London has seen the largest price growth in the U.K. since 2010, a new report by online property portal Zoopla has revealed.
Prices in the British capital have surged 74% over the last decade, an average increase of £204,400 ($267,500) per home.
Most of the growth, however, was recorded before 2016, when new tax changes were introduced, according to the report.
Despite Stamp Duty surcharge and the political uncertainty following the EU referendum in June 2016, prices across major cities in the U.K. have increased by an average 54%.
The figure equates to an average price increase of £90,000 per home–or £9,000 a year.
Zoopla expected house prices across the country to increase just by 3% over 2020, despite the positive impact of the last General Election.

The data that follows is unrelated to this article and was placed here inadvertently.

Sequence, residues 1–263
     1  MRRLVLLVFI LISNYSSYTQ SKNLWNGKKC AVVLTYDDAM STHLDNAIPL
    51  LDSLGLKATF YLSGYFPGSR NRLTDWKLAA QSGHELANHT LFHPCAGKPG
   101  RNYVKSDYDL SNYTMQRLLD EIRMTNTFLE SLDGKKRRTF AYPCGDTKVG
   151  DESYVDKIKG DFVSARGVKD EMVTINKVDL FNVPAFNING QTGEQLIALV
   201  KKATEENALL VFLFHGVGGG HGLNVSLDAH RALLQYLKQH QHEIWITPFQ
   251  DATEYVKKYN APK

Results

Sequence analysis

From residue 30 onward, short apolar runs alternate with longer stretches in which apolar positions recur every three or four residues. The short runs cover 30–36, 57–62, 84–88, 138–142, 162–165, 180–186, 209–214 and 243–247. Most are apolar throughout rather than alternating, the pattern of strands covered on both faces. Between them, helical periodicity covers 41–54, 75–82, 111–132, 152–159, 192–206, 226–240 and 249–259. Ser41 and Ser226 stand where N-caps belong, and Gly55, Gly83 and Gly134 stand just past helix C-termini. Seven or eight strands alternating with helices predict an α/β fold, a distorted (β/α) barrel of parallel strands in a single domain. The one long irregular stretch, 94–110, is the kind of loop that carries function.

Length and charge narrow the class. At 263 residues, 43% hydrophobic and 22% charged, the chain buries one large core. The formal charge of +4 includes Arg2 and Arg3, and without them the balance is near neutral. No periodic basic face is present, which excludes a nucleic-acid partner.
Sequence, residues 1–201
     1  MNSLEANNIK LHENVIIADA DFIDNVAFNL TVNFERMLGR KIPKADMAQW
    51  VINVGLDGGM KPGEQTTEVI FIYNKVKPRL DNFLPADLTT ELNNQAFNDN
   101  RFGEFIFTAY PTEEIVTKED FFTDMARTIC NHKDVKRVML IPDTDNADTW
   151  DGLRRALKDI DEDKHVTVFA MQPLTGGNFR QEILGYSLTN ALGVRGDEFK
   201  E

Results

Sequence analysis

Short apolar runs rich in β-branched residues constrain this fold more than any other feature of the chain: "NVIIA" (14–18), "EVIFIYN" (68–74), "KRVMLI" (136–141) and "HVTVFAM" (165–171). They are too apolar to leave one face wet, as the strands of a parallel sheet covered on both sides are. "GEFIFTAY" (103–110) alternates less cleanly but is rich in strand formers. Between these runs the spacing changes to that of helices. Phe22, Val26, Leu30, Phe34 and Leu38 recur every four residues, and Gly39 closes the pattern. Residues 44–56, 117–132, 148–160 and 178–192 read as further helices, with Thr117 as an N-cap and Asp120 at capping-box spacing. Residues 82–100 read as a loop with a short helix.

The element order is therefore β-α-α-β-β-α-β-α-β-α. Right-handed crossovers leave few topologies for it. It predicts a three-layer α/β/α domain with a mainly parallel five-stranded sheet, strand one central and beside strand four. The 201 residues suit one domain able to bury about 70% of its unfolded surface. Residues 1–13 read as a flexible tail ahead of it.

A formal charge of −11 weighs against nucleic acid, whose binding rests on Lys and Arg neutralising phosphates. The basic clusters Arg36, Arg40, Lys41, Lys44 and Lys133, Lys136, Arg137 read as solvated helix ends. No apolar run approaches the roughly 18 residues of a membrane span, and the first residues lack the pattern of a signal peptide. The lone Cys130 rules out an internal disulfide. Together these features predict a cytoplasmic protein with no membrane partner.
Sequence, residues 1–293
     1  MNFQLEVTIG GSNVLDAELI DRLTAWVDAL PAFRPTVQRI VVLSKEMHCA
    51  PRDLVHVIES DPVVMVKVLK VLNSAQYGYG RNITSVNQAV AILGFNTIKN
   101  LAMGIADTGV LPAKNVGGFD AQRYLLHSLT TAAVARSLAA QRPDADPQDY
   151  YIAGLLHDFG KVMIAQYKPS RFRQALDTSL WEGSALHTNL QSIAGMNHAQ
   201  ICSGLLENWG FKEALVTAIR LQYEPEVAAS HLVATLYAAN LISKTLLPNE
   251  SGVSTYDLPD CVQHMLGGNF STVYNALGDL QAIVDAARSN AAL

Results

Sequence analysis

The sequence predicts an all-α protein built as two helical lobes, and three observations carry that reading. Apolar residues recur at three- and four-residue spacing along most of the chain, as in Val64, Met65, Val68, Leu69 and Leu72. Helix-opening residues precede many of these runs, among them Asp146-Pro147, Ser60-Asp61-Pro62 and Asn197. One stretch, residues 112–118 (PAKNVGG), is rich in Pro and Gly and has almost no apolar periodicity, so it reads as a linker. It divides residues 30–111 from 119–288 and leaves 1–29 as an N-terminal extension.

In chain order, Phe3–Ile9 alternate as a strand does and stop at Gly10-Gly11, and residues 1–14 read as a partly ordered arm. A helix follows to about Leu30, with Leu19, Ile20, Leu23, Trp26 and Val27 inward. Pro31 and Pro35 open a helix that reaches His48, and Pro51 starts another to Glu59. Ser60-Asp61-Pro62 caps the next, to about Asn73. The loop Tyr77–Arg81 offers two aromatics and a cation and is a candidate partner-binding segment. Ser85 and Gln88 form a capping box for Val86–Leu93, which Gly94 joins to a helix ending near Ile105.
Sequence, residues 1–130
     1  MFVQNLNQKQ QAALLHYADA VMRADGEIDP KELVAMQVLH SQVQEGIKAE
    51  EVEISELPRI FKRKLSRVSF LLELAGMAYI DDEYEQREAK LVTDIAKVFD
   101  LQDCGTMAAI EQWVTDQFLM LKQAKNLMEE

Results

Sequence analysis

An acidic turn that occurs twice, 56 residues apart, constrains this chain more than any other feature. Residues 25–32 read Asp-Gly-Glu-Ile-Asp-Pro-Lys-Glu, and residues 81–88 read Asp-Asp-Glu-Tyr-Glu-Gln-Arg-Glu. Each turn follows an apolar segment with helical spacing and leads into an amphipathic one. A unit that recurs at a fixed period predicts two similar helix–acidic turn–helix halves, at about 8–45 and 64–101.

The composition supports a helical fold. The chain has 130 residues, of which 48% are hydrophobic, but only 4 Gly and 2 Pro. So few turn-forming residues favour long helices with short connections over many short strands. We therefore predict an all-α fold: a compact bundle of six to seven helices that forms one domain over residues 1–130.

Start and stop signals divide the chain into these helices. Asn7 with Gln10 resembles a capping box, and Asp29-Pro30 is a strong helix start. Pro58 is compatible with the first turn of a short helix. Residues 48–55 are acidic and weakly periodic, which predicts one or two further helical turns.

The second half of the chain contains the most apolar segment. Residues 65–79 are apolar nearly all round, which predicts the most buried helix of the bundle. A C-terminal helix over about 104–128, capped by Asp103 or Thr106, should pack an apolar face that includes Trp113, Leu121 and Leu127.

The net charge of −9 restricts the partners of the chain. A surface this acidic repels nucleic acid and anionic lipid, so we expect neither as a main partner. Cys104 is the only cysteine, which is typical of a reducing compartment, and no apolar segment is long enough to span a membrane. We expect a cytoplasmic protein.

London, in particular, will likely see its prices rise 2% next year.
“In the wake of the election result, much has been made of the likely impact on the housing market and wider economy,” said Richard Donnell, research and insight director at Zoopla.
“The election result provides an element of certainty for households looking ahead to 2020, but the result changes very little in terms of housing market fundamentals.”
Donnell added they expected “some pent-up demand to return to the market” in the first quarter of next year.
“Lower mortgage rates have already been reflected in higher house prices, which means house prices are set to rise at a lower rate in future–more in line with average earnings,” Donnell said.